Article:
Bless em, the judging panel of the Paddling Film Festival and The Waterwalker Film Festival have voted Bass by Kayak the best sea kayaking film of 2018. They’re nice emails to get first thing in the morning. Cartoon figure trophies jump from the inbox, laden with digital wreaths and laurels. Content is excited, as if I’ve won a spare kidney. Good going fella, I think to myself, time to celebrate with booze, fast cars and liquorice!
With only one of those things, I pick the least filthy shirt from an offensive pile of work clothes and head to the shed. Settling into moving stuff about- reacquainting myself with the space, and finding great joy in sorting through odd nails, I graduate to reanimating an old gate. Aligning a latch and hasp of different size and shape coincides with long swigs of homemade wine. I drink freely. Jobs are not work here.
Several jars in and I’m inspired. Not necessarily by the gongs for Bass by Kayak– awarded by people I will never meet, in faraway countries, but the idea that the awards makes me feel like a filmmaker, vindicated. And the wine, yes, the wine. I’m lashed, retiring to the fireside, thinking that I’m the luckiest bloke in the world. As if filling, or full, my mind wanders aimlessly through story ideas, strange plots and characters. Fire, as so many people have said, is wonderful company. Film ideas seem endless. I consider putting the billy on, but think better of it, filling my pickle jar with wine instead.
I slip easily into romantising the life of a dirtbag filmmaker. Having watched a Spike Jonze documentary a while ago, the prodigious filmmaker comes to mind as my prophet. The likeable skater-come-filmmaker seems to be the embodiment of making something out of nothing. His brimming American confidence and innovative storytelling is now infamous. I’d Googled him late into the night after watching the documentary, wondering why people like him make things happen. I concluded that like other creative savants’ he 1) fell into it, and 2) accidentally loved it. He personifies the unintended expert, blending work and leisure with no real division. I imagine also that he cares little for money. Making one project after another based on good timing, exploiting himself as an outlier (skater dude), with his casual ability to push buttons on a handycam. He realised early on the endless potential of his (the) storytelling world. I wondered if he saw himself as a success- a filmmaker with kudos, given his often obnoxious (aka Jackass) films and his mixed filmography of anything and everything. Alain de Bottons ‘Status Anxiety’ comes to mind. Does Spike have status as filmmaker, skater, or opportunist? How seriously do people take him? A copy of deBotton’s book often catches my eye as I leave the house. It did, oddly enough, when heading to the shed. Timely really, as the front door of a person’s home represents a threshold; of heading somewhere, to do or be something. You leave with a task, and perhaps an identity in mind, stepping towards a particular vocation, or obligation for a particular reason.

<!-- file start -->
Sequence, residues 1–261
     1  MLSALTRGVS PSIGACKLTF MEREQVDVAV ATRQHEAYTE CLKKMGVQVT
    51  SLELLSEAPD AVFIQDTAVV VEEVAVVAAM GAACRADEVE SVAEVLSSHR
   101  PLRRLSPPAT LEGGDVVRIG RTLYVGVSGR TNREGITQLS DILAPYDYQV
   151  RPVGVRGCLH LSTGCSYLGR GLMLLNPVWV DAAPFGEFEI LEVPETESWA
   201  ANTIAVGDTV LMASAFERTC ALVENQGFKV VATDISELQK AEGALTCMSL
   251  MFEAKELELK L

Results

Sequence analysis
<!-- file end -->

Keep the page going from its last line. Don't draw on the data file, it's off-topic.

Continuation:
In the company of a slow burning elephant-foot hunk of oak, I flex my PhD wankery and pour a half measure of wine. I think loosely, philosophically, about Martin Heidegger- a man famous for writing about human ‘being’ and ‘thresholds’, wondering if I can glean anything from him by craftily merging ‘status’-with-‘thresholds’. Given I’d give up all the wine in the world to potter in the shed all week, and make films on weekends, I question why I don’t do just that. What drives ‘regular’ work? Am I enacting a ghostly pursuit of status? Do I care for what others are seeing in the mirror I reflect onto the world?
Quietly, a small silver car pulls alongside the shed. A supremely attractive woman steps out. By golly, what have we here! Ah, of course (you idiot, instantly sober), it’s Helen. ‘I forgot you were coming home tonight, hun! Welcome! Welcome to my party’. The billy goes on during an exchange of daily news. I tell her about the gongs from the film festivals. We toast, and settle in.
Our news recaps the week just gone, and touches on the weeks ahead. We fill in the non-verbal space that the fire and I had worked up. Seeking advice, I question if the film festival win contributes to my ideology of success, and how this weighs on status? Helen pounces, questioning my happiness as an occasional teacher, seasonal field guide and part time filmmaker. Indeed, I ponder. How exploitative of a person’s potential is being a poly-jobist? Does chewing over a few building projects and a few films a year cut the creative mustard? Stumbling on my deeper, earlier, highly intelligent pondering, I ask ‘What is being and what is pretending?’
Helen repeats a common question I get asked all the time ‘why do you do all this stuff – the expeditions, the quirky projects?’, and asks why I avoid providing any kind of real answer. Because, I tell her, I’m still coming to grips with the purpose of life, and I don’t see an epiphany hitting me in the face anytime soon.
So, what’s the point of this wine soaked reflection? What conclusions did I come to in the shed? Did Helen’s constantly endearing lines of questioning and stories shed light? Did the wild vino help in my pondering? Answers= Pondering; not a lot; yes; absolutely.
I concluded that 1) Winning the film festivals is great, and I should drink to it (tick) 2) Having a mixed vocational farm-city-office-film life is pretty damn good and 3) Status, as a self-manifested aspect of how we see our image portrayed to others is a great idea to ponder when sitting by a fire in the company of a Helen.